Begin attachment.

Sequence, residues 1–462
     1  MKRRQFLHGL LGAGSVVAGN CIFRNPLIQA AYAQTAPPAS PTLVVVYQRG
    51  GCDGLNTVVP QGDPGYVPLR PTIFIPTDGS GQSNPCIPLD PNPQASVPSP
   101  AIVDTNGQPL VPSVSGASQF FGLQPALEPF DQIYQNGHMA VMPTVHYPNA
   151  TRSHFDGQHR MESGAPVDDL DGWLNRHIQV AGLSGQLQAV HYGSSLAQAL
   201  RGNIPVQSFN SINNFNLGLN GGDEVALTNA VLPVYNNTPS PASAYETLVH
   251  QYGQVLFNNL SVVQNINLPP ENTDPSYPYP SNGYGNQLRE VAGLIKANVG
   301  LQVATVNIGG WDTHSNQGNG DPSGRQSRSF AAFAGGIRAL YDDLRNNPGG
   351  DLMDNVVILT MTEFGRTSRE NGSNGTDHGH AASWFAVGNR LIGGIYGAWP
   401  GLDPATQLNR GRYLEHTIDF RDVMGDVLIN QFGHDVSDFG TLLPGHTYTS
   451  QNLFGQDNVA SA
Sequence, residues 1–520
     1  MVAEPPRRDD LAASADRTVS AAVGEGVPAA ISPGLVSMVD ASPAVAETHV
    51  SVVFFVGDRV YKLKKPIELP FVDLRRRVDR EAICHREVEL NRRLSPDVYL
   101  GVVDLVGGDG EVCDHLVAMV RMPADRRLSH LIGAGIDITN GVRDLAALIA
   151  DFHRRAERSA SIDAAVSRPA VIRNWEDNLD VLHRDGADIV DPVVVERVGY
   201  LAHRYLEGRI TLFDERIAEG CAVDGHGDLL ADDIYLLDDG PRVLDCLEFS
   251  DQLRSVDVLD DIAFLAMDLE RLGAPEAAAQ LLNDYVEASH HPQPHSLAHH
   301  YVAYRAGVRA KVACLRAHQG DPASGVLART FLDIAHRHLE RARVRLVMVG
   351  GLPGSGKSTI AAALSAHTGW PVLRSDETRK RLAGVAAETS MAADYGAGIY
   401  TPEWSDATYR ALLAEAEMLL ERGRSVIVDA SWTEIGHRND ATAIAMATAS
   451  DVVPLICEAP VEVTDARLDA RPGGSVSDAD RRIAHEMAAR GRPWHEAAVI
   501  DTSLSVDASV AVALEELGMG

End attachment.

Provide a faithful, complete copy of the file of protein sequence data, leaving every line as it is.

Sequence, residues 1–462
     1  MKRRQFLHGL LGAGSVVAGN CIFRNPLIQA AYAQTAPPAS PTLVVVYQRG
    51  GCDGLNTVVP QGDPGYVPLR PTIFIPTDGS GQSNPCIPLD PNPQASVPSP
   101  AIVDTNGQPL VPSVSGASQF FGLQPALEPF DQIYQNGHMA VMPTVHYPNA
   151  TRSHFDGQHR MESGAPVDDL DGWLNRHIQV AGLSGQLQAV HYGSSLAQAL
   201  RGNIPVQSFN SINNFNLGLN GGDEVALTNA VLPVYNNTPS PASAYETLVH
   251  QYGQVLFNNL SVVQNINLPP ENTDPSYPYP SNGYGNQLRE VAGLIKANVG
   301  LQVATVNIGG WDTHSNQGNG DPSGRQSRSF AAFAGGIRAL YDDLRNNPGG
   351  DLMDNVVILT MTEFGRTSRE NGSNGTDHGH AASWFAVGNR LIGGIYGAWP
   401  GLDPATQLNR GRYLEHTIDF RDVMGDVLIN QFGHDVSDFG TLLPGHTYTS
   451  QNLFGQDNVA SA
Sequence, residues 1–520
     1  MVAEPPRRDD LAASADRTVS AAVGEGVPAA ISPGLVSMVD ASPAVAETHV
    51  SVVFFVGDRV YKLKKPIELP FVDLRRRVDR EAICHREVEL NRRLSPDVYL
   101  GVVDLVGGDG EVCDHLVAMV RMPADRRLSH LIGAGIDITN GVRDLAALIA
   151  DFHRRAERSA SIDAAVSRPA VIRNWEDNLD VLHRDGADIV DPVVVERVGY
   201  LAHRYLEGRI TLFDERIAEG CAVDGHGDLL ADDIYLLDDG PRVLDCLEFS
   251  DQLRSVDVLD DIAFLAMDLE RLGAPEAAAQ LLNDYVEASH HPQPHSLAHH
   301  YVAYRAGVRA KVACLRAHQG DPASGVLART FLDIAHRHLE RARVRLVMVG
   351  GLPGSGKSTI AAALSAHTGW PVLRSDETRK RLAGVAAETS MAADYGAGIY
   401  TPEWSDATYR ALLAEAEMLL ERGRSVIVDA SWTEIGHRND ATAIAMATAS
   451  DVVPLICEAP VEVTDARLDA RPGGSVSDAD RRIAHEMAAR GRPWHEAAVI
   501  DTSLSVDASV AVALEELGMG